Eight Steps To Writing a Killer Scholarship Essay
If you are applying for college scholarships, you are probably knee-deep in paper right now.
Your SAT scores, high school transcripts (or undergrad, if you’re applying to graduate school), letters of recommendations, applications forms, and of course, the dreaded scholarship essay.
Most scholarship programs – from the $20,000 one run by your new college to the $200 one sponsored by the hardware store down the street – require at least one essay.
Some require several written statements. And after finally finishing all those college essays, the last thing you probably want to do is put fingers to keyboard again. Well buck up because while you are nearly done, this homestretch is going to be make-or-break for your college career. Getting into the school of your dreams is only half the battle. Figuring out how to pay for it is the other half. (Or, with the way college tuition costs are skyrocketing today, perhaps figuring out the funds is more like the other two-thirds!) If you are feeling stuck (Stop staring at a blank computer screen! The words aren’t going to magically write themselves!), then check out these eight helpful suggestions for writing the killer scholarship essay:
1. Know your audience.
Let’s say you ran a scholarship search on one of the popular online engines. You got a list of 16 solid leads and now you are rushing to write a dozen and a half essays before the deadlines pass you by. Before you jump in with both feet, take a few minutes – or more – to get to know the organization that sponsors each scholarship. Review their website, paying special attention to sections about the organization’s history, vision and board of directors. If you are applying to a major national (or international) organization, you might want to cross-google the board members’ names. The information you glean can have a big impact on what you chose to write about. For example, if the essay asks about the most influential leader in history, you probably don’t wax on about Karl Marx and the saving grace of Communism to the Daughters of the American Revolution. Information is power. Arm yourself with it.
2. Follow directions.
“Follow directions?! That’s your great tip?,” you might be thinking to yourself. And you’re right: It is pretty basic advice. But then, you’d be surprised by the scores of candidates who fail to answer (or even address) the question at hand. Or the ones who write 600 words, when the application asked for 150. Or even those who send in a single-spaced essay when the instructions called for double spacing.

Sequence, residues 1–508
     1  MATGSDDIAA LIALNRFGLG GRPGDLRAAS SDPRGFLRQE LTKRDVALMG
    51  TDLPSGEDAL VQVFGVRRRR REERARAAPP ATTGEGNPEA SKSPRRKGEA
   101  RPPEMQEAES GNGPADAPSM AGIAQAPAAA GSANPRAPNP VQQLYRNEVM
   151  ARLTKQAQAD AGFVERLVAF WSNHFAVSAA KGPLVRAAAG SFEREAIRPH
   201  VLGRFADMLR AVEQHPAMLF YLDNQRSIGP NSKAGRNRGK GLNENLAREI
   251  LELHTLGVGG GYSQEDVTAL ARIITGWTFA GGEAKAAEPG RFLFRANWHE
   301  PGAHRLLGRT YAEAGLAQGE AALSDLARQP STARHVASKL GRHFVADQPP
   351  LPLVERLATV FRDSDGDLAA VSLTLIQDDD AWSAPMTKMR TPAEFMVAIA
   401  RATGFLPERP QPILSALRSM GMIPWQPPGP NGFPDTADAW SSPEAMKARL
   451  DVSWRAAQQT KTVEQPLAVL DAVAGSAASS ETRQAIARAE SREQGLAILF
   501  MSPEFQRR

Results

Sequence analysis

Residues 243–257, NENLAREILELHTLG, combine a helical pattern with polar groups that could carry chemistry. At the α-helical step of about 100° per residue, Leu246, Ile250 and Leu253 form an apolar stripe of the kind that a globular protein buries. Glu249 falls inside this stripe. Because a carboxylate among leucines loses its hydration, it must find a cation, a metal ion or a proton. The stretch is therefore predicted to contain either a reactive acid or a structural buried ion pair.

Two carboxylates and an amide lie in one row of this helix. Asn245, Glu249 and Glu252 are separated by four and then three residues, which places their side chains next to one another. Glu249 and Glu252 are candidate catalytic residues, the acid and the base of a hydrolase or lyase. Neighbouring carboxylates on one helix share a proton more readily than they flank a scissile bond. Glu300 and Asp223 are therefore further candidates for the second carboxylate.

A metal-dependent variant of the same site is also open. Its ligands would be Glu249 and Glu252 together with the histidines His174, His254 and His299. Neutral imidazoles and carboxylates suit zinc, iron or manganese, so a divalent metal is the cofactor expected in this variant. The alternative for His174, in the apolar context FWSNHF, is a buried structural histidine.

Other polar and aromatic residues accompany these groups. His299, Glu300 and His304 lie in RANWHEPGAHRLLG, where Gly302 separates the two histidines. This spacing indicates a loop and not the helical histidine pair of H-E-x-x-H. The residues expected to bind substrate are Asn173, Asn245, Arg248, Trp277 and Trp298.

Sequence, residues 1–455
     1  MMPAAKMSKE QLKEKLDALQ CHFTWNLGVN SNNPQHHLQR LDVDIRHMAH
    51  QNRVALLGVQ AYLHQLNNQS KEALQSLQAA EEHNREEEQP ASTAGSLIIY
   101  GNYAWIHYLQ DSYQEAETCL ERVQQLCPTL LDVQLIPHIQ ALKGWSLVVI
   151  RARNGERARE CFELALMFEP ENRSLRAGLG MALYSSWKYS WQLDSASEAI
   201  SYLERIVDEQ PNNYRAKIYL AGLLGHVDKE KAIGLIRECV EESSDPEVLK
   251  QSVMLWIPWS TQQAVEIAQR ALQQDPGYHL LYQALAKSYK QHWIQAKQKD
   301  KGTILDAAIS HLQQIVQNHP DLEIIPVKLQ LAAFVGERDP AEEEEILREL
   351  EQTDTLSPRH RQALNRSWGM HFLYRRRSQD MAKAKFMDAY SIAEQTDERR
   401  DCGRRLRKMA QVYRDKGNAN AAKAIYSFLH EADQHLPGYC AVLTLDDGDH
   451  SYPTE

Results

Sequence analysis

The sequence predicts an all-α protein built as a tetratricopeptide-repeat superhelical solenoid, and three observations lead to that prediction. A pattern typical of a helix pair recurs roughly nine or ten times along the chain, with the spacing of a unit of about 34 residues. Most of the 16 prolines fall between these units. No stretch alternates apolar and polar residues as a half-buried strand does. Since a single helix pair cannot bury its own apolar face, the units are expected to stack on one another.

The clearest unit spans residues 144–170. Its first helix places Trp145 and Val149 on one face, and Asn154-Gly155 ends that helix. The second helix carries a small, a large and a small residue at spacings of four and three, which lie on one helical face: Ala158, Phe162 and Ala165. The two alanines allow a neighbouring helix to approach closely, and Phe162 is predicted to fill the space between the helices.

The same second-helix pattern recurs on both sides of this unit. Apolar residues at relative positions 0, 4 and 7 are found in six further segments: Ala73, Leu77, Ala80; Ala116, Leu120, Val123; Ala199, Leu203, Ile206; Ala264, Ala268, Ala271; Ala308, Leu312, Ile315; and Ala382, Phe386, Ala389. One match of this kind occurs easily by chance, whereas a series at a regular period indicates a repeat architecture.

3. Don’t reinvent the wheel.
You already wrote some wonderful essays to get into college. In those files, you will likely find some great kernels if not entire sections of text that you can recycle for your scholarship essays.
Most scholarship essays are relatively short (200-800 words) and highly focused. They ask you to reflect on a narrowly defined topic – your favorite author, your opinion on a new piece of legislation, a pivotal experience in your childhood. When not an idea comes to mind, start with some free association brainstorming. Here’s how: Write the question across the top of a piece of paper. Then allow yourself 10 minutes to write down every word or phrase that comes to mind. (Set a timer if that will help.) Don’t judge, just jot.
Go through your brainstorming pages and circle any viable responses. Now make another list with just those words and phrases. Spend a good 30 minutes fleshing them out. See which concepts can fit together, and weed out the extraneous one.
6. Crystallize a thesis.
Many scholarship candidates make the mistake of writing before they know what they want to say. They are floundering, and their writing reflects it. When you only have 200 words to sell your idea, each word has to count double. That is why a clear thesis statement is so important. A thesis is your guide – it helps make sure that every word you write is pointing in the right direction. To arrive at your thesis, carefully study that mess of notes from your brainstorming and filtering sessions. Your thesis is there, I promise. You just have to find it. Once you figure it out, write it down. Chose your words carefully. Rewrite it a time or two (or 20) until every word you have written has importance. Now, take a deep breath. The hardest part of the process is behind you.
7. Connect the dots.
With your thesis as your guide, write the body of your essay. Perhaps that sounds overly simplistic, but remember: You already laid a wonderful foundation, so now your words can flow. Just make sure that you are staying on point (check back in with your trusty thesis, if you start to wander.) Now is the time to focus on content. You can jazz up your style later.
8. Make it shine.
Just like when you wrote your college essays, you must captivate the attention of important decision makers when writing a scholarship essay.
Make them care about you (but remember that there is a fine line between care and pity. This is not the time for your sob story, even if your life has indeed been one.)
Look at your sentence structure and word choice. Without going overboard and sounding like a thesaurus, your essay should reflect intelligence and polish.
Ask for help from a trusted advisor if this is not your forte. But remember: You – and only you – should be the author of your essay. Anything else is plagiarism.
9. Proof your Scholarship Essay.
And then proof it again. No matter how brilliant your prose, missing punctuation and spelling errors can totally undermine the impact. Email your essay to your parents, best friend, or English tutor and ask them to look it over for you before you press send for good. A fresh set of eyes can catch little mistakes that make a big difference.